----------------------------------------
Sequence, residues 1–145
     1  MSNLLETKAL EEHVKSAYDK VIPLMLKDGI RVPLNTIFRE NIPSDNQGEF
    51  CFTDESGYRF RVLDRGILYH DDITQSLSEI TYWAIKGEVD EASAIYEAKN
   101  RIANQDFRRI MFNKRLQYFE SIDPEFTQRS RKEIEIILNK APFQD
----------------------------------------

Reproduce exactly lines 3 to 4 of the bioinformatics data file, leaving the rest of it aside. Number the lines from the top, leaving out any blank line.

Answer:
    51  CFTDESGYRF RVLDRGILYH DDITQSLSEI TYWAIKGEVD EASAIYEAKN
   101  RIANQDFRRI MFNKRLQYFE SIDPEFTQRS RKEIEIILNK APFQD